Pretty pebble: As far as actual technology goes, all flash-memory MP3 players are pretty much the same. If you’re thinking about the iPod Touch as an exception, think again, since the Touch is an actual computer, complete with a central processor, RAM and an operating system. But side by side, most solid-state MP3 players are identical, give or take a luxury function or two.
Until recently, their evolution centered around creating more data storage on increasingly smaller chips, but still controlled by the same protocols and the same five to seven buttons. The next phase will no doubt take advantage of organic LED in improving display screens, with elegance of design again largely relegated to the back seat.
So it’s a wonder to see Samsung Electronics, which has made a fortune on thin-film transistor (TFT) display devices, release a flash-memory audio player June 4 that has no display screen and is thrillingly pretty. (Samsung also released its own touch-screen model, the YP-P2, earlier this year.)
The fashion-forward YP-S2 Pebble player looks like a small shiny cobblestone on one side. All the controls are on the back face, a simple large-buttoned interface that’s easy to navigate with your thumb. The device recharges via the headphone socket, which appears to be a tradeoff for preserving its distinct appearance.
The player comes in 1-gigabyte and 2-gigabyte capacities and reads a standard lineup of audio files: MP3, WMA and Ogg. Tweaking the package is the latest version of what Samsung calls Digital Natural Sound (DNSe) technology, which is intended to maximize acoustic quality.
At 4.1×4.2×1 cm, the S2 seems aimed squarely at competing with Apple’s iPod Shuffle, a device of similar size that also lacks a screen. The Samsung lacks the Shuffle’s useful spring clip, but it’s designed to be worn with its lanyard earphone set like a pendant. Its light weight of 17 grams helps with this accessory feature.
Offered in a choice of five colors — white, red, green, purple and black — the 1-gigabyte version is priced at ¥4,800, while the 2-gigabyte model goes for ¥6,500.
Apart from focusing on sound to the exclusion of a halfhearted display screen, the S2 rests its appeal squarely on its looks. Perhaps that will be enough to make it the apple of your eye.
Lending a hand: It boggles the mind, when watching cell-phone obsessives frantically punching tiny keypads with their thumbs all day, that the industrialized world is not in the middle of an orthopedic crisis caused by an epidemic of repetitive-stress injuries.
But what to do? Big equals bulk in mobile telephony, a key reason why external keyboards for mobiles haven’t caught on. So until the human pocket size expands dramatically, cell-phone keypads have little hope of getting any bigger than current handsets are now.
Considering the influx of touch-screen devices, Japanese device maker I-O Data is paddling against the current with its new CPKB/BT portable keyboard, which comes out today (¥15,700).
This noteworthy device connects to your phone via Bluetooth and draws its power from a pair of AAA batteries, meaning that it’s universally compatible with a growing list of handsets and won’t drain the phone’s battery over a long e-mail. The CPKB/BT places its emphasis squarely on portability. The keyboard is just 15 cm wide and 9 cm deep and weighs 170 grams. The batteries last two to three months under normal usage.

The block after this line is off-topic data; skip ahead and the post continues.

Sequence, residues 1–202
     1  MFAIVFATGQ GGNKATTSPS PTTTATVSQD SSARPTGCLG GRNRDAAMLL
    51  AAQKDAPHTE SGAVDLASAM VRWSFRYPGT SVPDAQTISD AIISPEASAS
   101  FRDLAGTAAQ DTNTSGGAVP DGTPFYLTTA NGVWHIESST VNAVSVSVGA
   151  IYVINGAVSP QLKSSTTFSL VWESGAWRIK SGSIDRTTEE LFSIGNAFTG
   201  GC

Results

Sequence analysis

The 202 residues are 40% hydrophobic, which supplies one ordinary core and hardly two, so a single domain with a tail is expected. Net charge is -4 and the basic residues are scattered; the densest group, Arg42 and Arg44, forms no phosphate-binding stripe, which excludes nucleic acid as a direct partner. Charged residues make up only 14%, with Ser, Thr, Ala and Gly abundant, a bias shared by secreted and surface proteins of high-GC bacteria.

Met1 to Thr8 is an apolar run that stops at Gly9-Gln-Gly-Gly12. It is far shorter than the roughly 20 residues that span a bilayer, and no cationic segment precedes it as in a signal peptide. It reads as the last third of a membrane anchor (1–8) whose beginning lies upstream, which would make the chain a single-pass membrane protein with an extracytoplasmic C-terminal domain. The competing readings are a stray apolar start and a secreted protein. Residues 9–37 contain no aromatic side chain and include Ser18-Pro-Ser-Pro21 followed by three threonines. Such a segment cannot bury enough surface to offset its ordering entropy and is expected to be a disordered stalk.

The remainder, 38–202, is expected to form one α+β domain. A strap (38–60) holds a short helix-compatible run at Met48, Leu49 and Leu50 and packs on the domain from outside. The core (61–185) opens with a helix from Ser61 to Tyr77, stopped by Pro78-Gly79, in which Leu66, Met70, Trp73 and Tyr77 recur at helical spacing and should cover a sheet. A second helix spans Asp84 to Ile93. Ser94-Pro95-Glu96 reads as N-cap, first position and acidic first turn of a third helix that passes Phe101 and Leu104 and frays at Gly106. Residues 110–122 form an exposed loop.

While it is a smart-looking accessory and offers the full QWERTY setup in its 59-key layout, the compromises are obvious. A single hand can cover the entire keyboard and its small keys are fine for two-finger operators, but touch typists will be well out of their element, especially with the small space bar. Moreover, how well it stands up to the kind of pounding that the more violent typists among us dish out is debatable. Still, it is a step up from phone keypads doing triple duty or more.
Freedom mouse: The wireless mouse is another attempt to solve one of the worst compromises made in the interests of going portable — the tracking pad or stick saddling of too many notebook computers. Put simply, they are generally a poor tool for anything more complex than moving the pointer around.
Mouse makers, taking advantage of the ubiquitous USB port, have tried to accommodate the needs of notebook users, entering designs that are smaller, lighter and with innovations such as flat, retractable cords. It was only with the fairly recent innovation of micro USB transmitters and receivers that cordless mice became a viable option for PCs — both desktops and notebooks.
Peripherals maker Elecom is trumpeting its latest incarnation of the wireless mouse, the M-D15UR, as the “definitive edition.” Stylish in looks, the mouse snuggles into the palm and boasts fast 2.4-gigahertz connectivity.
The real eye-catcher in the design is cleverly hidden in its thick end. There is a compartment to keep the micro USB receiver when it is not plugged into the computer, making it convenient for transport and harder to lose. The user just takes the receiver out and plugs it into their computer to get mouse and computer talking. Featuring a resolution of 1200 dpi to help capture subtle movements, the mouse operates on a single AA battery.
Elecom claims an operating range of up to 10 meters from the computer if the mouse is used on a nonmetallic surface, such as a wooden desk. With a magnetic surface, such as a steel desk, the range is cut to 3 meters. The battery life is about 200 hours of usage. It weighs 60 grams without the battery and works with both PCs and Macs (OSX 10.5). The mouse is available in a choice of six colors: white, silver, black, beige, blue and pink.
Some might consider a wireless mouse a luxury item, but really it’s as basic a choice as picking a decent keyboard to work on. It is a personal choice as to whether the price — ¥7,560 — that smart convenience demands is worth it.